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Syria’s neighbors have seen their tourism activity decline because of its civil war. Maybe they can explain to Syria why this optimism is unfounded.
Syria hopes to attract foreign investment in tourism, a government minister said on Friday, despite a three-year civil war that has killed more than 150,000 people and devastated many historic sites.
“The situation in Syria isn’t as the world imagines. There are areas that are 100 percent secure,” Tourism Minister Bishr Yazigi told Reuters in an interview. “In the coming period there will be legislation that will greatly ease investment, which will be attractive to investors around the world.”
Tourists have virtually deserted Syria – a body blow to an industry that Yazigi said made up 14 percent of the economy before the war.
The historic city of Aleppo, once a leading draw, is divided between government and rebel forces. Sites like the Crusader castle of Crac des Chevaliers and the Roman ruins at Palmyra would be difficult if not impossible for any visitor to access.
Looting and shelling have destroyed many archaeological sites and museums housing thousands of years worth of treasures from the Assyrian, Byzantine, Umayyad and Ottoman empires.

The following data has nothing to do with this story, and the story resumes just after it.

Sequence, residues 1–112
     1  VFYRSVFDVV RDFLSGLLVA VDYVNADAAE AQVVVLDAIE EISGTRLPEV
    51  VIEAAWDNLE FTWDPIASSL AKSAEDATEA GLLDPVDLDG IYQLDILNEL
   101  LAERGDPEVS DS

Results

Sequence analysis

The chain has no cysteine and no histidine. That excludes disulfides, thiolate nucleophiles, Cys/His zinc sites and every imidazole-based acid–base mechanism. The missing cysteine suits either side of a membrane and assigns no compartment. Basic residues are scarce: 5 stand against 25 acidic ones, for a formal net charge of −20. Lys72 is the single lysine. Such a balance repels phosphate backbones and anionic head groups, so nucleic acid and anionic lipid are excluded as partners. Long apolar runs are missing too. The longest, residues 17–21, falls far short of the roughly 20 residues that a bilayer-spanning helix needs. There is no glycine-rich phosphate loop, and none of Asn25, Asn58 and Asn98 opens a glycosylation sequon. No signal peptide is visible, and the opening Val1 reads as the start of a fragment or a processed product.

Yazigi nevertheless said some projects in the industry could move forward. He pointed to the Mediterranean coast – a stronghold of President Bashar al-Assad’s government – and places like Swaida in the south, where he said construction continued “day and night.”
“Even in some of the hot areas, there are some projects which could take off quickly,” Yazigi said.
The war has forced millions to flee their homes. Air strikes, shelling, executions, suicide attacks and gun battles regularly claim over 200 lives a day. Assad’s government has lost control over swathes of territory, especially in the north and desert east, but striven to project an air of normality in areas under its control.
Yazigi said recent gains by the Syrian army – the government has scored several victories against rebels around Damascus and along the Lebanese border over the last month and a half – gave more grounds for optimism.
He said there were plans to renovate churches and mosques in the ancient Christian town of Maaloula north of Damascus, which government forces recaptured this month after it changed hands several times.
“There are companies around the world that have started to realize the importance of reconstruction and the opportunities available in Syria,” he said.
(Reporting by Kinda Makieh and Firas Makdesi; Writing by Alexander Dziadosz in Beirut)